Except, you need to sell 1,660 books to recoup your hard outlay to get that book in print. That doesn’t include your website, ads, etc where you need to try to SELL your book to the public because your book will not be distributed. How will people find your book on Amazon? You need to drive them there. How? LOTS of money, time and hard work.
I am not picking on Harlequin specifically, though it may seem so because they are under the gun right now with this venture. And honestly? They should be. Harlequin is a fantastic brand that has proven to be the face of romance. They publish quality romance novels at an affordable price and appeal to a mass audience around the world. Yet now they are diluting their brand, IMO, by printing self-published books. Because you know that every one of those authors who self-publishes will put on their website and promotional material that they are a Harlequin Author.
Romance Writers of America made a very brave and ballsy statement to the industry by removing Harlequin from its recognized “eligible” publishers–essentially limiting the perks available to Harlequin at RWA expense at conference. I commend RWA and its board of directors for standing up for writers of all genres, and romance writers in particular.
Money flows TO the author. Repeat as needed anytime you get the urge to give someone money to publish your book. Or listen to Harlan Ellison:
I went over to Nathan Bransford’s blog this evening with the title: You Tell Me: Why Are So Many People Writing Books These Days? I posted a comment which said that perhaps instant communication has just spread the news so more people SEEM to be writing a book, when in the past–pre-Internet (remember those days? I do. My kids don’t.)–no one knew who was writing and who wasn’t.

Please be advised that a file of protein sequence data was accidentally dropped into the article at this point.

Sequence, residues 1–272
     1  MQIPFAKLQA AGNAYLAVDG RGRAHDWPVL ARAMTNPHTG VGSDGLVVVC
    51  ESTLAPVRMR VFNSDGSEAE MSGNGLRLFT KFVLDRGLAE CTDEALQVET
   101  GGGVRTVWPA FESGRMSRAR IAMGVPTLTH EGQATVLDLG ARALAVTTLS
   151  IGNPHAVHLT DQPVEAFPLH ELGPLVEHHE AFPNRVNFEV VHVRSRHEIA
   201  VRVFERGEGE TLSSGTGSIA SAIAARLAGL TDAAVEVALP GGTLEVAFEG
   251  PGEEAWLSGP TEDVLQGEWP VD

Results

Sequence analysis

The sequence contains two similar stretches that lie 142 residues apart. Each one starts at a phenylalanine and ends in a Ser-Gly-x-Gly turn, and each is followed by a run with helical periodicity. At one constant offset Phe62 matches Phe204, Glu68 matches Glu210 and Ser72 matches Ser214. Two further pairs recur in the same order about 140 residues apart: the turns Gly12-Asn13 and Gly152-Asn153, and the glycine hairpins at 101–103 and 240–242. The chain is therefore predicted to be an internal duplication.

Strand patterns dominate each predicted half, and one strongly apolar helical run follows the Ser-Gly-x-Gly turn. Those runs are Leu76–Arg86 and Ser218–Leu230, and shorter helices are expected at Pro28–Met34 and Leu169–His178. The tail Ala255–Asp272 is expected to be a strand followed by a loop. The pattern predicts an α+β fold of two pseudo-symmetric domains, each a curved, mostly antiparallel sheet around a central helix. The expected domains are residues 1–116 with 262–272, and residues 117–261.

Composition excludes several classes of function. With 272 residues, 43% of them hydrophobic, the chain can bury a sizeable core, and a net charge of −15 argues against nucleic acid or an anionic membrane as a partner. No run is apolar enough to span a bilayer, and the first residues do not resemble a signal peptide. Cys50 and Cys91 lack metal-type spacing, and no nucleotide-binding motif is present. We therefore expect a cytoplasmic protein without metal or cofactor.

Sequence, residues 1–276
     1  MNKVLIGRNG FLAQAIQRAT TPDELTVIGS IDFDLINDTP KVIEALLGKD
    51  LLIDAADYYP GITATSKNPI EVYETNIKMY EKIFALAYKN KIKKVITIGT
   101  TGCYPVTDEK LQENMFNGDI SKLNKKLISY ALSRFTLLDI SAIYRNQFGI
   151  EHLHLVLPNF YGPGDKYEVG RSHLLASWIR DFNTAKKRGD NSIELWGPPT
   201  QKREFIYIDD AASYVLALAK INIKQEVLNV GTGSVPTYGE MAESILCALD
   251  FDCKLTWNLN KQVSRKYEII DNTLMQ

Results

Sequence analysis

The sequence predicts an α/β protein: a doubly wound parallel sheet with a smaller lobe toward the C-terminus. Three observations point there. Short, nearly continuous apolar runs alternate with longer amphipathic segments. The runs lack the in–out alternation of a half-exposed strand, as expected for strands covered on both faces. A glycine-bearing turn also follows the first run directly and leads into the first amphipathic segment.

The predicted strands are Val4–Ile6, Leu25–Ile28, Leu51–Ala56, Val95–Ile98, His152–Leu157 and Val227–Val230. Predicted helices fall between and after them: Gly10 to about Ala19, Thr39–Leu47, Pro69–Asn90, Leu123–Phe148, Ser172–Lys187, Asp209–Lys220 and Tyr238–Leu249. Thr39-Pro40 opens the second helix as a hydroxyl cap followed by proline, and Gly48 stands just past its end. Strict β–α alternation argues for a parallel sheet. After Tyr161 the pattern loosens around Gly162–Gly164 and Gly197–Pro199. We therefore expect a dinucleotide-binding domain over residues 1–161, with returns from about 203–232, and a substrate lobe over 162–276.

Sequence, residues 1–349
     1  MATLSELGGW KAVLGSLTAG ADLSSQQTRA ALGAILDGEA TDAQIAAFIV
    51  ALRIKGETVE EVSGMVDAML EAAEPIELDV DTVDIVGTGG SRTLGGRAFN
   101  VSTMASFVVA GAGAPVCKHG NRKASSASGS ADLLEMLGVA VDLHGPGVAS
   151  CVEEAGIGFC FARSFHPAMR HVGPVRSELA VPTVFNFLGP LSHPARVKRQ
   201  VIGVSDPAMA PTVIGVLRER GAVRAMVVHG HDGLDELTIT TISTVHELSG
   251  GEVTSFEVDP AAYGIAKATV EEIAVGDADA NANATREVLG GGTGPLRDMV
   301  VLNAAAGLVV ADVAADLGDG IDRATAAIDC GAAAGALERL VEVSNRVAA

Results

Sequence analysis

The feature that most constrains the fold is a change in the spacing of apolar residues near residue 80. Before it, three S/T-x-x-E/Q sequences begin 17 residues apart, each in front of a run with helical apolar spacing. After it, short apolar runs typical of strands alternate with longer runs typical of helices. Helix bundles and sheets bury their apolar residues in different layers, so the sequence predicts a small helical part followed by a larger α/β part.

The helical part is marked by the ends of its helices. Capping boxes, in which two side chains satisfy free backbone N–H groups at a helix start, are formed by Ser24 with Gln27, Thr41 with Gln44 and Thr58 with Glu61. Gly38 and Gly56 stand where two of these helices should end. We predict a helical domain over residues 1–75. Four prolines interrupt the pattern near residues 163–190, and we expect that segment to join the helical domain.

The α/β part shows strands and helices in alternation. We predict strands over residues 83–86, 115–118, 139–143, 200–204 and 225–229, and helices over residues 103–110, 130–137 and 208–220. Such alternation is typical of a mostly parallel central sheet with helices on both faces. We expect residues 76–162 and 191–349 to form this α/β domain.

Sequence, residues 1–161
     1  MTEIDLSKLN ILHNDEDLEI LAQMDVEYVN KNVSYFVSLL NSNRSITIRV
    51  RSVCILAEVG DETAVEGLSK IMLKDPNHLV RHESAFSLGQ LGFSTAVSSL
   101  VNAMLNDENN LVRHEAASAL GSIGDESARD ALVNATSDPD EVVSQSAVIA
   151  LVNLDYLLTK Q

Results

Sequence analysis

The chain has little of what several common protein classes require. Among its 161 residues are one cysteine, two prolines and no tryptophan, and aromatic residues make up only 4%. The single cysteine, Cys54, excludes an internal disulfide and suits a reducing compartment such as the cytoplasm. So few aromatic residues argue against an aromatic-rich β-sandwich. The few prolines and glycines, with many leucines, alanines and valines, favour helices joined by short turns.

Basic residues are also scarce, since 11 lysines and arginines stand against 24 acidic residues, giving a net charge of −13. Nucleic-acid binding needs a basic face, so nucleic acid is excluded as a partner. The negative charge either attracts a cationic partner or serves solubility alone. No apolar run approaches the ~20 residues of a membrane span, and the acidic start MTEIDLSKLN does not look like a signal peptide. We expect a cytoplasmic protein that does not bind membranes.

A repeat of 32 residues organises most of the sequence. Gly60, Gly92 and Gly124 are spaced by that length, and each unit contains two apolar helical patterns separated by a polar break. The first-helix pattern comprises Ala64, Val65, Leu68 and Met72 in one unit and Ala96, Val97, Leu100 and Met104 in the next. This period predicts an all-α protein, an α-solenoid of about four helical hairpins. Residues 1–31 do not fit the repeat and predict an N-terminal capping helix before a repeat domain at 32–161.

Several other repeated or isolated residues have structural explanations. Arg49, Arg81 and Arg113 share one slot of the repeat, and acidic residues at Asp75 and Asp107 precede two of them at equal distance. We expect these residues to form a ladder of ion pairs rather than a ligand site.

I’ve been writing nearly my entire life. Why? Because I couldn’t NOT write. It’s the way God made me. I love to write, even when I hate it. I love stories, even when I’m pulling my hair out because I can’t get a scene right. It’s part of me like my eye color–it’s in my genes. I am a writer.
Are more people writing a book? Probably. Why? Because they think it’s easy to get published. And guess what, it is. If you have the money, you can be published. Can you sell those books? Who knows? But you can be “published.” Or, rather, printed.
How many times have we heard: “I could write a book if I only had the time.” My answer? Bullshit. (Pardon my French.) Writers MAKE the time. We would rather write than sleep. When I started seriously writing in 2002–meaning, I stopped playing around and decided to focus on becoming a better writer and finishing a book–I gave up television, I gave up a couple hours of sleep, and I created a block of time to write and learn and improve and screw up and write some more.
How many times have we heard: “Writing’s easy.” Really? Easy? Finish a book, edit the book, get an agent, sell to a publisher (who pays you) and then tell me it’s easy. And I have news for you (okay, not YOU, faithful readers of MSW, who already know this) but it doesn’t get any easier.
How many times have we heard: “My book is better than the crap publishers are putting out” or “Readers just want to read junk.” Ahem. Publishers publish books to make money. Readers buy books to be entertained or learn something they want to know. Publishers make money when they sell to a large audience, hence the phrase (not the format) “Mass Market” or “Mass Audience.” There is a market for niche books, and small press and e-press are filling those spots very nicely–with books that the authors don’t have to pay to produce (over and above our hard expenses of computer, paper, postage, and chocolate or wine–you know, the necessities for writers.)
There is an easy way to be published–do it yourself with your own money. Write the book, edit the book, print the book, market, distribute and publicize the book. But that doesn’t make you an author. It makes you an author/editor/printer/marketer/distributor/publicist.
Writers write. Editors edit. Publicists publicize. Pick your profession and be the best at it you can be. But if you are promoting and selling your books? That’s time away from your writing, and you’ll never get better if you don’t write.